"We belong to quite as many regiments as the German Kaiser. Our regiments are regiments that are embattled everywhere; they fight an unending fight against all that is hopeless and rapacious and of evil report. The only difference is that we have the regiments, but not the uniforms."

G.K. Chesterton


"As for Christianity, you must believe me on this point: never in my heart have I behaved basely toward it, and since my childhood I have tried very hard, deep within myself to share its ideal-but always with the final result that it was a sheer impossibility."



"You believe that Christianity is an unrivaled source of human goodness. You believe that Jesus taught the virtues of love, compassion, and selflessness better than any teacher who has ever lived. You believe that the Bible is the most profound book ever written and that its contents have stood the test of time and so well that it must have been divinely inspired. All of these beliefs are false."

-Sam Harris

Letters to a Christian Nation


"This claims our attention, that every man, remembering his own weakness, may earnestly resort to the assistance of the Holy Spirit; and, next, that no man venture to take more upon himself than what the Lord promises.

   Believers ought, indeed, to be prepared for the contest in such a manner that, entertaining no doubt or uncertainty about the result and the victory, they may resist fear; for trembling and excessive anxiety are marks of distrust. but, on the other hand, they ought to guard against the stupidity which shakes of all anxiety, and fills their minds with pride and extinguishes the desire to pray....

   For those who forgetting their weakness and not calling upon God, feel assured that they are strong, act entirely like drunken soldiers, who throw themselves rashly into the field, but, as soon as the effects of strong drink are worn off, think of nothing else than flight."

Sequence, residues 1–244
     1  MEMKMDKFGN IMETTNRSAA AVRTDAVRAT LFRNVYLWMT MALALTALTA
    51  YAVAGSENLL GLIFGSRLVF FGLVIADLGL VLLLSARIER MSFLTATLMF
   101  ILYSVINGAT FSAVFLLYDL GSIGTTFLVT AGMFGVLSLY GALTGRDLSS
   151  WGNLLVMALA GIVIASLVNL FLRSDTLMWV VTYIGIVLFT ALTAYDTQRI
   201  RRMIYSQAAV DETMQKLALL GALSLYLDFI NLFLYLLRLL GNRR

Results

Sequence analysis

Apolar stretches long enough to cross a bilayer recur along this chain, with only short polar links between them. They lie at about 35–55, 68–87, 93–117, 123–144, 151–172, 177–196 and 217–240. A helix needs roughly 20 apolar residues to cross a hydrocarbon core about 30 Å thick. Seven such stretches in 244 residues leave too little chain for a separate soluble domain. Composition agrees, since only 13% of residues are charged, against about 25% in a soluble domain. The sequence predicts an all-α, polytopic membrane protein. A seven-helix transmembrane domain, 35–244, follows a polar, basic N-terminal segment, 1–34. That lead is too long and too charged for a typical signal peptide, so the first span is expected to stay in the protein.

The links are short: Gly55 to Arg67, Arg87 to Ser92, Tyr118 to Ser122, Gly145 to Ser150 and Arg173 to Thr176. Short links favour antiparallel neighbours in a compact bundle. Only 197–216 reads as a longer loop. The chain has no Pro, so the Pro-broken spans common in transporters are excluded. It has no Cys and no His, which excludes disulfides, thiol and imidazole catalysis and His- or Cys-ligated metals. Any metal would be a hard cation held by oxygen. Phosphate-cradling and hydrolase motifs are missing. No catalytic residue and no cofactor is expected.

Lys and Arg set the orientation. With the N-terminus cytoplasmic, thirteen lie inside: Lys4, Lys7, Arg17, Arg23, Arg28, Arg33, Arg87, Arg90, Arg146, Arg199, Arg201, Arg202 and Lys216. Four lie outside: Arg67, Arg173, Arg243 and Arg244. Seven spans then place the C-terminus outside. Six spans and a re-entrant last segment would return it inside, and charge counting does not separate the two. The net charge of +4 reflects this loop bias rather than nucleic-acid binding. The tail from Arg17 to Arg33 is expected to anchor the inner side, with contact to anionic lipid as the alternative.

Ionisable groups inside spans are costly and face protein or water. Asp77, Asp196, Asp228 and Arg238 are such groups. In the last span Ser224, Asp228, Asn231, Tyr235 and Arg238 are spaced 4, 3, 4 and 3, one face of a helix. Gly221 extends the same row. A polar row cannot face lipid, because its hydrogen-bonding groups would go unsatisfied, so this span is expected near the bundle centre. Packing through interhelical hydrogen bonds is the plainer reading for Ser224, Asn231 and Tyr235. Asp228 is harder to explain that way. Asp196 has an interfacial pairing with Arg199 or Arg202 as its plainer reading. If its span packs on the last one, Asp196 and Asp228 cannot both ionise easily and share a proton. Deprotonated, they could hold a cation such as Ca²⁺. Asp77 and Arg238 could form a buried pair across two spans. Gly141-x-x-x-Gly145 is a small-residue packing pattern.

-John Calvin


"But when I walked into the meeting for worship on oak floorboards that glowed with the patina of age; when I sat on one of the simple wooden benches arranged in a squared circle at the heart of a century-old stone barn; when I settled into the silence with thirty or forty people, a silence that flowed on for an hour or so, rippled only occasionally by soulful speech; and when as never before, I felt God's presence in the sunlight that came through the window and on the floor at my feet-then, what passed through me time and again was the peace that passes all understanding."

-Parker Palmer


   "The Christian practice of formal worship, when viewed in an objective light, looks very strange. Hymns of gross and transparent flattery abound, in which the worshippers inform the deity that he is the best possible and most powerful god-in a sense reassuring him that he is god. Historically, the Western god has been almost pathologically jealous of other gods, and continual praise is necessary lest his anger break loose and cause great harm to the world. It goes without saying that the deity already knows about his talents and virtues, so except for disciplining and controlling his followers, the adoration is unnecessary."